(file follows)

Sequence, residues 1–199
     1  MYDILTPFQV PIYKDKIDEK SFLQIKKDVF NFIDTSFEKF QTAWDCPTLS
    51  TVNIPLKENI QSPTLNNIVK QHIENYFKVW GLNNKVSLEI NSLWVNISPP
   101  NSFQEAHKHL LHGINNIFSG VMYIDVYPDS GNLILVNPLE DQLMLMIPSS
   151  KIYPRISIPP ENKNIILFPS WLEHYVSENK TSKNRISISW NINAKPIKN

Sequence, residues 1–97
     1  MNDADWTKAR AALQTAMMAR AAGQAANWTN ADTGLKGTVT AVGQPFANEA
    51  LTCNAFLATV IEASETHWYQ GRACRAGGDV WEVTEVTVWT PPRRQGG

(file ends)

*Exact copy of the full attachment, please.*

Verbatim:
Sequence, residues 1–199
     1  MYDILTPFQV PIYKDKIDEK SFLQIKKDVF NFIDTSFEKF QTAWDCPTLS
    51  TVNIPLKENI QSPTLNNIVK QHIENYFKVW GLNNKVSLEI NSLWVNISPP
   101  NSFQEAHKHL LHGINNIFSG VMYIDVYPDS GNLILVNPLE DQLMLMIPSS
   151  KIYPRISIPP ENKNIILFPS WLEHYVSENK TSKNRISISW NINAKPIKN

Sequence, residues 1–97
     1  MNDADWTKAR AALQTAMMAR AAGQAANWTN ADTGLKGTVT AVGQPFANEA
    51  LTCNAFLATV IEASETHWYQ GRACRAGGDV WEVTEVTVWT PPRRQGG